Wednesday, 13 December 2017 | News today: 13

Theater

Aco-Stankovski-90x120

Aco Stankovski

Theater has always been a great inspiration for painting. Not only has painting often played a significant role in the organization of the stage settings and the atmosphere, let’s recall about Picasso, Miro and Marc Chagall, who were often integrated into the avant-garde performances on the Paris stage, but also the theater itself, as an artistic phenomenon was subject to interpretation and numerous artistic masterpieces like those of Antoine Watteau, Degas and Toulouse Lautrec.

The distorted reality and the energy that arises from the theater, leaves a big impression on the memory of the viewer, especially on the artist who, fascinated by all these wonders, gets the urge to eternalize, to summarize this geyser of fascinations in a single picture or in a series of artworks.

Thus, arts interact and create extremely complex network of cultural process of a nation or a region, whatever.

The history of theater is much older than art historians locate it in antiquity and it’s a big tradition, as if the art of theater as originates from prehistoric times as part of occult games, trance or some primitive rituals practiced in the spiritual life, as well as in the games of those ancient cultures of the Neolithic period, for example.

Every artist and every discerning anthropologist feels this.

But probably, besides such ancient tradition, theater has experienced its own periods of crisis, and these ordeals were so strong that led this cult art to the brink of extinction. The great moments of glory and splendor of the theater, as in Pericles’ Athens, changed into a brutal and bloody theater, in which gladiators and animals performed in the arenas, as the Colosseum in ancient Rome.

This extreme form of theater extracted the basic experience of life and death. Viewers, faced with these scenes, fell in wild trance and the excitement was ecstatic.

There is no counterpart in the history of theater, when the art of man and his physical and spiritual potentials was not placed in such cruel cultural setting, in such an inhuman and insensitive context of disillusioning art, resulting from illusions, though it refers to reality. In the Roman gladiatorial theater, actors died on stage in a literal sense. The dramatic context is strongly draconian, and the style of performance quite unpredictable. Blood was spilled on the sand without any visual effects or makeup.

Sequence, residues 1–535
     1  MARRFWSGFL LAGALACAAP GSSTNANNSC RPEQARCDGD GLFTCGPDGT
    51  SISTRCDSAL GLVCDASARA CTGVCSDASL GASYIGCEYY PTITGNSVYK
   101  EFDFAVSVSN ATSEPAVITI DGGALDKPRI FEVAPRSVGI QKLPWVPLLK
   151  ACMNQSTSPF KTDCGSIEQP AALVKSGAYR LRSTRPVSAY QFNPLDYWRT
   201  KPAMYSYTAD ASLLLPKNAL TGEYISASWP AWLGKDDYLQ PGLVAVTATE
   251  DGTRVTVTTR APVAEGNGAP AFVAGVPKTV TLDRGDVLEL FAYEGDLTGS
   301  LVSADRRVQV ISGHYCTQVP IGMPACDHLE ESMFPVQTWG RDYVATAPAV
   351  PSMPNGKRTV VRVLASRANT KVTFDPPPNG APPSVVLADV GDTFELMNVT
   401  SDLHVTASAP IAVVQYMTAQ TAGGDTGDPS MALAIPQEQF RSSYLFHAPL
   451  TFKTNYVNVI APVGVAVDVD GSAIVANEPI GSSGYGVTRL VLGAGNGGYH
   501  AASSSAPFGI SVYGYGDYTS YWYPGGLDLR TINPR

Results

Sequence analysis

Then in the Middle Ages, as if the theater has disappeared. But is that really so? As regards to the national theater, the theater of the polis, of the Athenian citizens or those of Rome, of the plebs and the patricians, the theater in the Middle Ages was gone. The entire system was already largely reduced to small traveling groups – skomrahi, who performed some short performances, about which modern science has almost no documentation and even fewer hypotheses.

But, let’s suppose that these folk entertainers, like troubadours in Western Europe, who were traveling groups of artists, musicians and acrobats and who held their performances before people in small towns and villages for a certain material fee.

Unlike them, their ancestors from the days of Rome or Athens, were real superstars with thousands of fans.

This strange and sometimes frightening process of expansion and decay or, if you prefer – an explosion of interest to fanaticism and total descend of the fixation of a certain cultural phenomenon, such as the theater, and this goes for all other arts, has been many times seen in some civilization eras.

In fact, the theater has never disappeared, but it has converted into religious liturgies. But it did not come here to unfamiliar terrain, but to the contrary, in the Middle Ages and the era of theocratic totalitarianism in Christian Europe the theater returned to its pristine spaces, in the ritual, in the spiritual, there, from where it began in the areas of human culture, in prehistoric times.

In the age of the Renaissance, whose awakened geniuses celebrated antiquity as a paradigm of civilization and took from the ancient sciences and arts, all that could be taken, so the theater started getting its own special place in society, slowly freeing itself from the religious fervor and ascetic isolation.

So, in fact, begins the modern theater, which in the Renaissance and the Baroque got a brand new course after almost two whole millennia, major dramatic artists of antiquity, as Aeschylus, Euripides, Sophocles and Aristophanes, received heirs with full capacity of genius in Shakespeare, Moliere, Racine and later Goethe, Chekhov and Brecht.

Thus, this resurrection of the theater, which today stands as cultural and civilizational symbol of any human society, is a major incentive for artistic interpretation, not only painting, but also for all other classical and modern forms of artistic expression.

Here, in Macedonia there is a strong emphasis on theater in the last decade. It only talks about the conscience of the Macedonian creative intelligence, positioned in and around the theater as an art institution and creative form.

Painting has always instinctively reacted to such creative momentum in its own specific way.